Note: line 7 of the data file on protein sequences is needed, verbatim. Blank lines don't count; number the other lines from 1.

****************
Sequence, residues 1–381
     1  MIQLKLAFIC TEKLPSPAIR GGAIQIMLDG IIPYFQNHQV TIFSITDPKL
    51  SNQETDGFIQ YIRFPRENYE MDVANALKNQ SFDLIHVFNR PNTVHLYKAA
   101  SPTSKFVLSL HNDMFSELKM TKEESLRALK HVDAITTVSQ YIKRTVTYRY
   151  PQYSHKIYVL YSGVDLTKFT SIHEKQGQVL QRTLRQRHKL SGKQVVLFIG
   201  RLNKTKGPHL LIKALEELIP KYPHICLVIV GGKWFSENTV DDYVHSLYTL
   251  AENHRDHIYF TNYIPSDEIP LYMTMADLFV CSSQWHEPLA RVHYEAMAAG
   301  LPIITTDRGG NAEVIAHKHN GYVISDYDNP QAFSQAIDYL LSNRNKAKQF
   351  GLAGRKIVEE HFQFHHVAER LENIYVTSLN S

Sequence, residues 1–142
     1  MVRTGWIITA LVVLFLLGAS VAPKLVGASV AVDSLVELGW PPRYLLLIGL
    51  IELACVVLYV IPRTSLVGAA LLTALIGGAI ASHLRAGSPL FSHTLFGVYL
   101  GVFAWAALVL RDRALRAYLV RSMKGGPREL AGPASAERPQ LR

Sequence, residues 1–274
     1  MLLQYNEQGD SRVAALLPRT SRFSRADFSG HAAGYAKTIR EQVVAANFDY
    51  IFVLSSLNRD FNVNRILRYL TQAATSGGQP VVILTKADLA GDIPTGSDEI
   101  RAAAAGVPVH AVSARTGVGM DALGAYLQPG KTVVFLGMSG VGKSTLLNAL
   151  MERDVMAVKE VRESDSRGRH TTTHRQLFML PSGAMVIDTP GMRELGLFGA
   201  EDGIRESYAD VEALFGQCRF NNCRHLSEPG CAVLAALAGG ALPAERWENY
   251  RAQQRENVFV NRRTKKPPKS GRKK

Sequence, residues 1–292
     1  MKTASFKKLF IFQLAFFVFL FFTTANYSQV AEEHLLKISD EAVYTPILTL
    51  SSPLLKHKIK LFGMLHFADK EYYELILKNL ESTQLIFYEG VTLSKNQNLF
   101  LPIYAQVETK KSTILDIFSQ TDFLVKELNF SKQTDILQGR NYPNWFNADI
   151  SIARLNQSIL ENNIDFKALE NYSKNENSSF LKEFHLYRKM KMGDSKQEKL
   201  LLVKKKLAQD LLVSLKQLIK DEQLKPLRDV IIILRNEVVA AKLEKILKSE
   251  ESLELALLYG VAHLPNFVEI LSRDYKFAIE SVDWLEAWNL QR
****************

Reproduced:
   251  AENHRDHIYF TNYIPSDEIP LYMTMADLFV CSSQWHEPLA RVHYEAMAAG